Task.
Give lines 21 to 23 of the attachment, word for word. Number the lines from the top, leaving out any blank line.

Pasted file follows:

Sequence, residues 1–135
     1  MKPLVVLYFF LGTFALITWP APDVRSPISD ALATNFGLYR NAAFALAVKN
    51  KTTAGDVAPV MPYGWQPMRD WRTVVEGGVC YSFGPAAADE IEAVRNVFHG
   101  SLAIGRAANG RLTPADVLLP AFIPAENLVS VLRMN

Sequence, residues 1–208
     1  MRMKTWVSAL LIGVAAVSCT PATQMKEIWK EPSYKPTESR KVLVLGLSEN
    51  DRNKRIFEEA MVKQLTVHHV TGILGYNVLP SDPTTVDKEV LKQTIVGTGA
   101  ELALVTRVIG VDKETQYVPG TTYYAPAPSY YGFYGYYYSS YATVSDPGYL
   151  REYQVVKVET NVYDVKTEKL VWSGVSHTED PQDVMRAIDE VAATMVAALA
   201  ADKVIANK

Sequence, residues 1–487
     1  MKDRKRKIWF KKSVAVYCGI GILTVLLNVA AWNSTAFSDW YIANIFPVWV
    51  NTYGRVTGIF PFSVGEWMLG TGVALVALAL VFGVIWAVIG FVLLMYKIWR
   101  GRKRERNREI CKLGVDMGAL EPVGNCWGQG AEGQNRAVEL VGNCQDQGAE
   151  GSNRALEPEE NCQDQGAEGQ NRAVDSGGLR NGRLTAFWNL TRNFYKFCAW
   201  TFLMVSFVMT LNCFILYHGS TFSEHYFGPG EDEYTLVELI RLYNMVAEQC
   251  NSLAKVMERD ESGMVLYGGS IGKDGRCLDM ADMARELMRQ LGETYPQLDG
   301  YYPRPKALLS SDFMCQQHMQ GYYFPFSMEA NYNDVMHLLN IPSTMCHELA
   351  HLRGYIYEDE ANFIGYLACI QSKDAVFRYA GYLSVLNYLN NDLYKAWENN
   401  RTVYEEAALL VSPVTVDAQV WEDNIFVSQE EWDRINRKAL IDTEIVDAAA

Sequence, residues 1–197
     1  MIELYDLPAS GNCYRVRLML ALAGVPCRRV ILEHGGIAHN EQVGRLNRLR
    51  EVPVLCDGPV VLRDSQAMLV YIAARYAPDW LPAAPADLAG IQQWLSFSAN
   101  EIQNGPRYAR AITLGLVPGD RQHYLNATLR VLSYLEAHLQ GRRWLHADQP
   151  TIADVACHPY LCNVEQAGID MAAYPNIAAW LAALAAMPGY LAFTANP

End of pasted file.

Sequence, residues 1–197
     1  MIELYDLPAS GNCYRVRLML ALAGVPCRRV ILEHGGIAHN EQVGRLNRLR
    51  EVPVLCDGPV VLRDSQAMLV YIAARYAPDW LPAAPADLAG IQQWLSFSAN